Investing not protesting: to retrench or spend?

As the oil price remains low and the equipment industry faces the prospect of depressed 2016 sales, is it time to let the storm pass or to dig deep?

COMMENT, PMV

A stitch in time saves nine — so the age-old adage says, and in the case of investing in the future, particularly in the Middle East region, fortune may favour the bold.

In the context of the plant, machinery and vehicle industry, I’m talking about supporting infrastructure. A look at the Gulf’s recent past tells us that there is almost nothing that cannot be achieved with enough astute dynamism.

The UAE’s investment in port infrastructure, and subsequently free zones for this, that and the other has won the battle with the critics. The world scoffed at Dubai in 2008 as property prices came tumbling down and government assets went into liquidation, but the companies that left the country are not laughing now, because the ones that stayed put were primed and ready come upswing.

I raise this subject because I have now heard dozens of industry professional confess to concerns over 2016 and the potential impact of the low oil price on the markets; meanwhile their firms simultaneously invest in expansion projects for which they express absolutely no doubts.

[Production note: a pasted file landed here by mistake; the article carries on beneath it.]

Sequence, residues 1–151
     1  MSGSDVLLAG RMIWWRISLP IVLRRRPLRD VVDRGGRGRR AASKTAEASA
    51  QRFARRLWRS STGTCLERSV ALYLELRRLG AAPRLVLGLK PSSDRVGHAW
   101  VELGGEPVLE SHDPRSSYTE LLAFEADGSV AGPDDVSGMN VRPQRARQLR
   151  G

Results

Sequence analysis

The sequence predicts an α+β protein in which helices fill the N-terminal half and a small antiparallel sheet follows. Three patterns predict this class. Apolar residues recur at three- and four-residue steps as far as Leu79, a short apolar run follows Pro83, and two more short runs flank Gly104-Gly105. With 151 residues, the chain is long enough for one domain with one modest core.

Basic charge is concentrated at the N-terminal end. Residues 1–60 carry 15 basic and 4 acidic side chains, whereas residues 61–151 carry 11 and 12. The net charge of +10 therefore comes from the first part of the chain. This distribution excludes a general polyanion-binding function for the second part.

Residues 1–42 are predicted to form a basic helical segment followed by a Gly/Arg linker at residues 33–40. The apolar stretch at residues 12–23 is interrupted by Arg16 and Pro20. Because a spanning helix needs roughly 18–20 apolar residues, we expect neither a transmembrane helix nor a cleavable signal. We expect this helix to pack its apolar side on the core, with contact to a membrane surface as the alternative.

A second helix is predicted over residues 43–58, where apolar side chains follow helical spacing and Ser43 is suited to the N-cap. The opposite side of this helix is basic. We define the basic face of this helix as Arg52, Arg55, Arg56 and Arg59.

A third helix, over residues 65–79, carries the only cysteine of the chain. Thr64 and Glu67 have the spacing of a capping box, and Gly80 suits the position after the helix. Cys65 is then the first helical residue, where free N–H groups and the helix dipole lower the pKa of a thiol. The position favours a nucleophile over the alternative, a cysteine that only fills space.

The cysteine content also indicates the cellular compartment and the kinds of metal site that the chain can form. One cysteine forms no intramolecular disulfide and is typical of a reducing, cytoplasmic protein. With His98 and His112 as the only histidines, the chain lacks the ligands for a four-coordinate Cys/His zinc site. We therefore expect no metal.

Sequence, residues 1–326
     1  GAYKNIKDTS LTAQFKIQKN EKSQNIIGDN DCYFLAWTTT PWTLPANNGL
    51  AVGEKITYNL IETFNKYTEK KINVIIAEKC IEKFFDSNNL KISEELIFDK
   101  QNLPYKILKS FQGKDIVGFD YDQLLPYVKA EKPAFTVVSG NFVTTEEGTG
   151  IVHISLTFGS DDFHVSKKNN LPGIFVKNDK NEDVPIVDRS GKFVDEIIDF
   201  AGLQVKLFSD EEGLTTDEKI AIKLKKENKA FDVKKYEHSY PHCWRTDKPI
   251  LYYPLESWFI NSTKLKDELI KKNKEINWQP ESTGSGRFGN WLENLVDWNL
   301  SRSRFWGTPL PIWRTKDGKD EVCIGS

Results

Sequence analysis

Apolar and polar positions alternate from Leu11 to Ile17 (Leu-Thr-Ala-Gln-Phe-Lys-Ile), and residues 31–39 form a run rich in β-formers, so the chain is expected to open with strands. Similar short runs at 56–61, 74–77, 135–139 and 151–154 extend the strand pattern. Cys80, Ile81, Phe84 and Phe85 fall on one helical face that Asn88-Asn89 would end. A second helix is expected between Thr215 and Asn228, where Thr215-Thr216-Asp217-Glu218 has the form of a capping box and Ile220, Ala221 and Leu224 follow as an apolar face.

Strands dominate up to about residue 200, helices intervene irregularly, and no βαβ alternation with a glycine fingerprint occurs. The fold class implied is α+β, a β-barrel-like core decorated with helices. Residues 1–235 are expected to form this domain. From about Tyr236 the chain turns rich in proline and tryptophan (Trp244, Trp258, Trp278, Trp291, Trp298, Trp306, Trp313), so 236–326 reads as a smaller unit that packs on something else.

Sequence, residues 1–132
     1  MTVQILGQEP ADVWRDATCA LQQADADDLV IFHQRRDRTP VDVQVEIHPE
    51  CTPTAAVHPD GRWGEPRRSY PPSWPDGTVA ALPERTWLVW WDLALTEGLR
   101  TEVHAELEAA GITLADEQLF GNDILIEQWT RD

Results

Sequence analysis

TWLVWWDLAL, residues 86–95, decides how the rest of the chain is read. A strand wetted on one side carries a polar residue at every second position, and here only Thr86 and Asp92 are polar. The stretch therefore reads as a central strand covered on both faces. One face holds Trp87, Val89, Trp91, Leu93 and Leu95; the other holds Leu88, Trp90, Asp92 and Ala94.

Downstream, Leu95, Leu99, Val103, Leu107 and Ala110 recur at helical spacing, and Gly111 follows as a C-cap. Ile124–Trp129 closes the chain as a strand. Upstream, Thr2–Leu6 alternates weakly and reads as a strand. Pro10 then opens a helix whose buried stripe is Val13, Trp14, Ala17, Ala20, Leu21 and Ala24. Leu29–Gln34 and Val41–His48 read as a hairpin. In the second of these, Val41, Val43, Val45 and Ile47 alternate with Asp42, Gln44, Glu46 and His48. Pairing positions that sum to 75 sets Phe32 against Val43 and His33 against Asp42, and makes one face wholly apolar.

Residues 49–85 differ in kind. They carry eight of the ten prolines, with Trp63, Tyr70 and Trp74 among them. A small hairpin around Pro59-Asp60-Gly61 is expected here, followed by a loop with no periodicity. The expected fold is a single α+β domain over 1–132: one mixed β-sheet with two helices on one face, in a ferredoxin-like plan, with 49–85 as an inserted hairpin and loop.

Hyundai, for one, has just broken ground on a $33.6m European headquarters that will double the parts supply to its area of control — that is a real and tangible result for the customer. Locally, we see Caterpillar also investing in a sizeable new training facility in Jebel Ali, and in Oman, Al Fairuz, the distributor of Astra and Iveco Defence, is also investing in new facilities.

While the reasons behind all of this may be simplistic: they planned it before the oil price went down; they needed it anyway; investing in aftersales is the best way to compete in future, and while all of these reasons may well be valid, there still feels like a phenomenological quality that differentiates the sort of company that is willing to seriously invest from a cautious one.

Perhaps it is the same difference as between an entrepreneurial individual and someone who is risk averse — some firms have that spark, while others have, long since their founding, lost it.

As a journalist it is my job to constantly findout companies’ latest plans for development or expansion, and it is always mildly worrying if I hear that there is nothing like this afoot.

If there is one lesson to be learned from the economics of the last few decades, it is that we live in a sink or swim world, and if you want to stay afloat, you had better learn to paddle.

So my question to the industry is: are you with the daring or the meek?

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